Although the Covid-19 pandemic has changed the conversation around mental health, more still needs to be done, says Josh Krichefski of MediaCom
We are living through unprecedented times, with the rising cost of living, stress and anxiety skyrocketing and geopolitical events having a serious impact on people’s wellbeing. In fact, it’s almost impossible to measure the true cost that the last two years has had on mental health – but you can guarantee it’s more than we think. As a business leader, there is a sense of responsibility to manage and safeguard employee wellbeing; mental health is a complex and often personal topic so making it a boardroom priority is vital. We need to destigmatise what it means to reach out for help, particularly as the need for support grows.
Figuring out what works
The level of resilience required in this day and age is huge. Emerging from a pandemic, possible isolation of working from home, the fear of Covid-19 (which still exists), the rising cost of living – there are so many reasons why mental health concerns are so prevalent right now. But leaders have learnt – and can still learn – a lot from the past two and a half years. For example, flexible working can help improve wellbeing, giving employees autonomy and control while boosting productivity and self-care. It encourages people to find a way to work that suits them and achieve a better work-life balance.
This duty of care to ensure employees are looked after and supported is crucial, not least because a third of our lives is estimated to be spent at work. And employee wellbeing must be supported through initiatives and support systems specific to each workplace. It is why we introduced MediaCom My Way many years ago, and have always encouraged people to find a way that works for them. The programme comes from a mindset that as long as people can work efficiently – but at a time that suits them best – both the business and people can succeed together. For instance, someone may log on early to then drop the kids off at school, or log on after lunch so they can care for a family member in the morning.
Long-term investment for long-term gain
Here in the UK, it is encouraging to see that mental health has been significantly destigmatised during the pandemic, both by government and industry bodies. But more responsibility should fall on business leaders’ shoulders to ensure mental health is being discussed universally.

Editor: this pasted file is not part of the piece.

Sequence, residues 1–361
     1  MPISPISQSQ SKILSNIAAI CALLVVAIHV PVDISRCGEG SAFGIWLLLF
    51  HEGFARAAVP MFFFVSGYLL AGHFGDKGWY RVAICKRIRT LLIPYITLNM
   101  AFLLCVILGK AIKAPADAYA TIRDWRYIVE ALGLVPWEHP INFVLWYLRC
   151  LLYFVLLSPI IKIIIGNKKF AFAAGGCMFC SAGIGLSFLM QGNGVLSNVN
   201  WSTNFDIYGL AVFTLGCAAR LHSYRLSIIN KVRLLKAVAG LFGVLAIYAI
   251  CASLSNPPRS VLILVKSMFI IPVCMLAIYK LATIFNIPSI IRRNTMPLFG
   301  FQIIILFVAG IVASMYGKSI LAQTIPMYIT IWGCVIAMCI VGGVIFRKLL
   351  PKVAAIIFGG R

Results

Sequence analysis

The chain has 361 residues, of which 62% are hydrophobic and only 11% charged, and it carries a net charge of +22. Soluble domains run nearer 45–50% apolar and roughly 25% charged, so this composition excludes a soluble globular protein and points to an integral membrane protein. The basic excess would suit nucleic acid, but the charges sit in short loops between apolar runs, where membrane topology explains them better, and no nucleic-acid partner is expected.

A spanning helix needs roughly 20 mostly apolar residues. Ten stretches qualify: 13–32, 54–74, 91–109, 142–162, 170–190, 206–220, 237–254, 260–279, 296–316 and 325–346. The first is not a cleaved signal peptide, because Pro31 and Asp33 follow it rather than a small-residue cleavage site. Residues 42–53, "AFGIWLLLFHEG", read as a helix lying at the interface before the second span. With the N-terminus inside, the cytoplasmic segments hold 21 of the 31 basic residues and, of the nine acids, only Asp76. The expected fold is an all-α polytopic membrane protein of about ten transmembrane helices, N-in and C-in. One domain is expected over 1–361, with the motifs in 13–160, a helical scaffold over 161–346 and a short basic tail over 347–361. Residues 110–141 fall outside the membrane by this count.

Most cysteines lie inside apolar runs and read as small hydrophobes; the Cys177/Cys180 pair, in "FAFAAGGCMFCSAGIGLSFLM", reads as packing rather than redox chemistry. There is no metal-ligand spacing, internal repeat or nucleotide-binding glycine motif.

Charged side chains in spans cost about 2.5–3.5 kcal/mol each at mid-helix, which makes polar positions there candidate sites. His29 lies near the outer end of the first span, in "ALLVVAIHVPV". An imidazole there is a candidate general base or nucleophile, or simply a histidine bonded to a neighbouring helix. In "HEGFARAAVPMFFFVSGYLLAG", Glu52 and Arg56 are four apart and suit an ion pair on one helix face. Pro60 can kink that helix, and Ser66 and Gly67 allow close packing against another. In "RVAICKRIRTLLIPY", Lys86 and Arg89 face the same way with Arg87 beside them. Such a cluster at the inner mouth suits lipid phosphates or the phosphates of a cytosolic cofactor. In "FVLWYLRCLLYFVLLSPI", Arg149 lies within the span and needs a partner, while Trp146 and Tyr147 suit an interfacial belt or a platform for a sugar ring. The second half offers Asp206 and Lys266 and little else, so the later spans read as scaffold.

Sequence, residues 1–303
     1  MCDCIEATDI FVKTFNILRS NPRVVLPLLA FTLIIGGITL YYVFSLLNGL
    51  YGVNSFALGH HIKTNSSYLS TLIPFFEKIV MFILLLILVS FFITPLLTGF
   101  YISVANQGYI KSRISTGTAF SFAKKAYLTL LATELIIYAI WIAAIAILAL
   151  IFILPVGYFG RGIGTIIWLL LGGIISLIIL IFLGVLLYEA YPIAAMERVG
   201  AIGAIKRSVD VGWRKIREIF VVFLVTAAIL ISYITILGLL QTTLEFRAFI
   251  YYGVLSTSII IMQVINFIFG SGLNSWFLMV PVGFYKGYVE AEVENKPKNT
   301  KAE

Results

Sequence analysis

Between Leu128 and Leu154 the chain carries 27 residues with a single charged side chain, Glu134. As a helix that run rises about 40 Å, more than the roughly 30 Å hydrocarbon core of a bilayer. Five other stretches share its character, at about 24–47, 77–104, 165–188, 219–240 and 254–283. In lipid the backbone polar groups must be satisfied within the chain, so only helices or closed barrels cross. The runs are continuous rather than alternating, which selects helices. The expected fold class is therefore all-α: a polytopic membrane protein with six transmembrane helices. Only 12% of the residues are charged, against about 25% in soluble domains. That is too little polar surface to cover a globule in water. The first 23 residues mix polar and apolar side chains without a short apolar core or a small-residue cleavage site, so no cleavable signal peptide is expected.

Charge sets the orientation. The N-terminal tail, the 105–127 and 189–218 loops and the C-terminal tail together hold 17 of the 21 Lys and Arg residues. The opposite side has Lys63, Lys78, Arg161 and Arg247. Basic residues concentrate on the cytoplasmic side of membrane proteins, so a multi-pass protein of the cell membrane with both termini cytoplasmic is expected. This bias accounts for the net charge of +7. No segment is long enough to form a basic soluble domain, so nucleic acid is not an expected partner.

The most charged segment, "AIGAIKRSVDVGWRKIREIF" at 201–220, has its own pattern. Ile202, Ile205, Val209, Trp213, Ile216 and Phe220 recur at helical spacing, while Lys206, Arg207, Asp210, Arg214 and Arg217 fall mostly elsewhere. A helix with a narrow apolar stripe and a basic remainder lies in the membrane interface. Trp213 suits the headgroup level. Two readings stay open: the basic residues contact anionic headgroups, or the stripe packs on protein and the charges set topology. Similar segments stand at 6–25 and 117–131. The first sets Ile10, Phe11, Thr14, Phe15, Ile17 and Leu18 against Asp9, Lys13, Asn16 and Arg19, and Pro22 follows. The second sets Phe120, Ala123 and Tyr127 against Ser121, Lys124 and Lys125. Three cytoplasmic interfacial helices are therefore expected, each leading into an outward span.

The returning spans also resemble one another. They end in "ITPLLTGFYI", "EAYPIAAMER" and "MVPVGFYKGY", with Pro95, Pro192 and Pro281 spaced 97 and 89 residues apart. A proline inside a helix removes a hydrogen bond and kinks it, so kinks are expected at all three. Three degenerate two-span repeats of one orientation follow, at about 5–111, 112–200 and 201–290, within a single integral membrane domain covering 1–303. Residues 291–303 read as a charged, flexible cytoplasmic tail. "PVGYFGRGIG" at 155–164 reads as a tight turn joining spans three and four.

Thankfully, the government recently pledged to introduce a £2.3bn real terms funding increase in mental health services; it’s a proportionate 400% increase on the funding from last year. However, an incremental – rather than transformational – increase in mental health spend means that businesses have to “top up” the gap left to support people’s wellbeing. It is a tricky and important balance to strike from a business standpoint. But if there’s one thing that I want people to take from this, it’s that what works for one company is almost guaranteed to not suit another.
Our Mental Health Allies programme, for example, means we have 225 allies in 47 countries who are there to “listen, signpost and safeguard” workers. And it’s in place because of the fast-paced nature of advertising and media – people need close support from time to time in such a busy environment. I would encourage business leaders to find a system, solution and set of practices that is right for their employees. We may all have mental health, but there is by no means a one-size-fits-all approach.
"There is by no means a one-size-fits-all approach"
New world, similar challenges
The pandemic changed everything – how we work, live and interact daily. And while it encouraged a healthier discussion around mental health, a lot more needs to be done from a business and government standpoint to further destigmatise what it means to reach out for help.
With all of the new challenges facing people today, mental health conversations remain as important as ever. We’re all still on the continuum and need support from businesses, government and friends and family. It’s never been more important to say that it’s OK to not be OK.
ABOUT THE AUTHOR
Josh Krichefski is EMEA CEO and Global COO at MediaCom.